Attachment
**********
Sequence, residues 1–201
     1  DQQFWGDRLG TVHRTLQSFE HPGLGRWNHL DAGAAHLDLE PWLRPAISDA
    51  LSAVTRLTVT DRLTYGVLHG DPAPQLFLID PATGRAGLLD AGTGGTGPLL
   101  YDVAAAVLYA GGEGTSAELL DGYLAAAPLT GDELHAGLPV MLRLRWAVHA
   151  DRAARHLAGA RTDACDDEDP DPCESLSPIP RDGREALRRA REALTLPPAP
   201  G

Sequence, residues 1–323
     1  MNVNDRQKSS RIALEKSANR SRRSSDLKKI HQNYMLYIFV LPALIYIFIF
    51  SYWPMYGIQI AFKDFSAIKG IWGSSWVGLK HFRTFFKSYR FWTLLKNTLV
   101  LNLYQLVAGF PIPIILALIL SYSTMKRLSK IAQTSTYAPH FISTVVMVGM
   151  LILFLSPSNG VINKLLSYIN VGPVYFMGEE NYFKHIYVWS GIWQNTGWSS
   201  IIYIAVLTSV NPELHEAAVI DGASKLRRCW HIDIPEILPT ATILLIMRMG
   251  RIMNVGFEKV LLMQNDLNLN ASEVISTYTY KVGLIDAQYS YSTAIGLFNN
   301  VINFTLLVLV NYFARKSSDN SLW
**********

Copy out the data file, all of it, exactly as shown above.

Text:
Sequence, residues 1–201
     1  DQQFWGDRLG TVHRTLQSFE HPGLGRWNHL DAGAAHLDLE PWLRPAISDA
    51  LSAVTRLTVT DRLTYGVLHG DPAPQLFLID PATGRAGLLD AGTGGTGPLL
   101  YDVAAAVLYA GGEGTSAELL DGYLAAAPLT GDELHAGLPV MLRLRWAVHA
   151  DRAARHLAGA RTDACDDEDP DPCESLSPIP RDGREALRRA REALTLPPAP
   201  G

Sequence, residues 1–323
     1  MNVNDRQKSS RIALEKSANR SRRSSDLKKI HQNYMLYIFV LPALIYIFIF
    51  SYWPMYGIQI AFKDFSAIKG IWGSSWVGLK HFRTFFKSYR FWTLLKNTLV
   101  LNLYQLVAGF PIPIILALIL SYSTMKRLSK IAQTSTYAPH FISTVVMVGM
   151  LILFLSPSNG VINKLLSYIN VGPVYFMGEE NYFKHIYVWS GIWQNTGWSS
   201  IIYIAVLTSV NPELHEAAVI DGASKLRRCW HIDIPEILPT ATILLIMRMG
   251  RIMNVGFEKV LLMQNDLNLN ASEVISTYTY KVGLIDAQYS YSTAIGLFNN
   301  VINFTLLVLV NYFARKSSDN SLW